I try to use Ubuntu for most stuff. I was never a Windows user really however - I have a five year old MacBook that I now use for recording TV programmes and films which links by wifi to a Sony Media server connected to the TV.
I will probably try to move this to Linux in the future, though so far the functionality and ease of use of the purchased Eye TV software for the Mac is superior to anything I have found on linux. So having bought it some time ago, I will keep using it for now.
Linux is great for mainstream desktop stuff (by which I mean email, browsing, office, playing music and so on), but once you go away from this there always seem to be under the bonnet issues that require investigation to make them work. And there isn't always time or the necessary knowledge. For example I can't get Me-TV to work on Ubuntu 12-04 and in any case editing out commercials is a real struggle in Openshot. I will have a look at Lightworks when that arrives on Ubuntu, but I wonder if that will be overkill when all I want to do is edit out commercials from recorded films.
For me Ubuntu is the most rounded linux version available - and I have introduced a few people to it. They would probably run a mile if confronted with the command line - but these are the kind of people that Ubuntu needs if it is to outgrow the hobbyist/enthusiast sector or the corporate/supported sector.
So I think more of the software needs to be accessible for these users and work out of the box. It sounds good to have thousands of programs included in the software centre, but the core of things that "just work" and which are supported directly by Ubuntu developers maybe needs to expand. The software centre is often more than not just confusing without some technical understanding - and it should be possible to set it up so that CLI programs can be hidden.
Importing CDs is another case in point. Sound juicer is the recommended program for ripping CDs, but it can only get data for less than 50% of my CDs (whether or not you are a fan of iTunes, its online database gets a 100% hit when retrieving data). So I use Asunder to rip CDs as it uses a different database and has a better hitrate for retrieving data. But Asunder can't (as far as I can see) be set up as a preferred application. There is always some little thing...
Last edited by ld114; September 27th, 2012 at 02:44 AM.
this one out
My preferred application for ripping is K3B. Maybe not ideal on Ubuntu because it's a Qt app but I find it superior in album information retrieval. So far it could classify nearly all of my albums.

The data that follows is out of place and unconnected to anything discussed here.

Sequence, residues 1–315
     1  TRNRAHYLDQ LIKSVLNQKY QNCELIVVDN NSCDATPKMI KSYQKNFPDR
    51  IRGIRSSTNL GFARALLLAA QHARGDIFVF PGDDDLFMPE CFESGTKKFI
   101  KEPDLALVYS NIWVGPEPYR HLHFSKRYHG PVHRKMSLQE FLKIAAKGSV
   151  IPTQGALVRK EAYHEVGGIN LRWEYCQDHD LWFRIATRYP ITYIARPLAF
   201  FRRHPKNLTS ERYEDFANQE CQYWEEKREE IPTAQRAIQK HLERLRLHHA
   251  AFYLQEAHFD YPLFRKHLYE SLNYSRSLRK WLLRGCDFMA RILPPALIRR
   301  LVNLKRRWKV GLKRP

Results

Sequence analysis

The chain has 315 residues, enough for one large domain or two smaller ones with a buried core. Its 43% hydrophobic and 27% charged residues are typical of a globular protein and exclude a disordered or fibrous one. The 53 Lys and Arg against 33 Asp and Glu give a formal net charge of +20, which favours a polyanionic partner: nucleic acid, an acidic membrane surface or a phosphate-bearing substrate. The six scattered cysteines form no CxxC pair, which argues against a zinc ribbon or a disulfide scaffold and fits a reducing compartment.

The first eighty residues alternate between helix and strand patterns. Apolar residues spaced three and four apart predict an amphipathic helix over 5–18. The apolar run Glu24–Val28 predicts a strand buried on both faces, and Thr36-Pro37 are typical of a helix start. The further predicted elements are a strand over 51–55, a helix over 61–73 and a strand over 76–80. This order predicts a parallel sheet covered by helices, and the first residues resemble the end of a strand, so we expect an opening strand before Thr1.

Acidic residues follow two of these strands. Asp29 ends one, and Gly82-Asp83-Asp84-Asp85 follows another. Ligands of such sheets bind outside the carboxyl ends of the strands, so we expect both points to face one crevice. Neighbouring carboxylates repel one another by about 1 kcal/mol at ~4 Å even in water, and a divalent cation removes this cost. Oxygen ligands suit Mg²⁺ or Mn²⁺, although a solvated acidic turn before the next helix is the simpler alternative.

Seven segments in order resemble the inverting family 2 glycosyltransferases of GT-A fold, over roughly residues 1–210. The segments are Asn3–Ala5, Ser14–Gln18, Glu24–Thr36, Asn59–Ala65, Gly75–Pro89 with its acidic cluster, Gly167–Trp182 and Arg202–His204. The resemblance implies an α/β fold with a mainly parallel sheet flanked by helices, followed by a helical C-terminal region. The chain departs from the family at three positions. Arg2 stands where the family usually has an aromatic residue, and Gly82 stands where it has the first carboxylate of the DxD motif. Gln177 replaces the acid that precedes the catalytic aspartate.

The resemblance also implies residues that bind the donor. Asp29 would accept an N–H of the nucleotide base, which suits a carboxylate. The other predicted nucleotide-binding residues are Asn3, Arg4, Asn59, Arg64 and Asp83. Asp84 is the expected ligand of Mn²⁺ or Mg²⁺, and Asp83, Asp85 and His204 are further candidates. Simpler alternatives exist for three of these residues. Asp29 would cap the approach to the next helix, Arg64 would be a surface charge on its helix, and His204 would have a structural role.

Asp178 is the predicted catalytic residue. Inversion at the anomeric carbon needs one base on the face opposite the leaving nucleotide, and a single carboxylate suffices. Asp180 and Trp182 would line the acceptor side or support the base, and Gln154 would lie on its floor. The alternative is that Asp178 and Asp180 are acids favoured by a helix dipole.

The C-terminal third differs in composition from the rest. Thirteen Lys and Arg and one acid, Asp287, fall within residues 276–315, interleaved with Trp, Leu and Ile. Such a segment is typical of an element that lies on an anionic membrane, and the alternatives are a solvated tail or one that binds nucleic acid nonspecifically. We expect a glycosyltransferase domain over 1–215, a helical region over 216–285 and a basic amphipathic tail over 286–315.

"I believe humans get a lot done, not because we're smart, but because we have thumbs so we can make coffee." --Flash Rosenberg
Thanks XBMC Old School and Euroman - I shall look into those suggestions.
I should note that I have now got Me-TV running on Precise. There is a development repository for it on launchpad which provides a recent build of version 1.40. You need to remove any old versions of Me-TV including config files (and delete ~/.local/share/me-tv) before the install. This recent version doesn't create a channels.conf however, so you have to do that with w-scan (sudo apt-get install w-scan). The command I used in a terminal is:
$ w_scan -c GB -x >channels.conf
I have a Hauppauge WinTV Nova-T usb tuner - I plugged it in an then ran Additional Drivers from System Settings which installed the right DVB driver. Rebooted with the tuner connected, ran Me-TV, selected the channels.conf file and it worked. You can delete channels but not re-order them. However it works. I like Me-TV as it is a lightweight program if you just want to watch TV.
There are online companies who will build you a box or laptop OS-free from the ground up, at least there are here in the UK. I would imagine that's the case in the US too. I bought such a box a year ago and installed Ubuntu, my favourite Linux OS, which I've used happily now for the past two years - as many have said, it just works!I am in the market for a new laptop but hate to think I will be paying for an operating system (MS Windows) which I will bypass and install Ubuntu on my first day of use.
Last edited by Deepblue3; September 30th, 2012 at 06:31 AM.
I have completly switched to Linux, used Fedora,Ubuntu,Xubuntu,Lubuntu,Puppy,DSL and currently using Kubuntu.
Since your are a gammer I recommend installing wine,playonlinux, this will allow you play some games that are only available to M$. Also steam is comming to Ubuntu. I think you can download the beta.
Good luck gamming on Linux.
I replaced my network adapter in April, and just booted into Windows 8 for the first time since then, and found the network wasn't automagically supported like it is in Ubuntu. I downloaded the driver software from the manufacturer's web site, and tried to set it up in Windows, and the software tells me I have to install it before inserting the adapter into the computer.
I'm not going to pull the adapter, just to install the driver software. I guess this ends my Windows usage on this system (which is my main computer) until I build a new system next spring.
I still using Windows becoz most of my stuff suported only Windows ...
but sure it's not for long Because folks here will help me to write a petitions against my stuff Devs . before that I walking through in some Linux wiki these days . to up my linux knowledge . before the fight with windows an my stuff developers
Last edited by djibrilcoulibaly; October 1st, 2012 at 03:39 AM.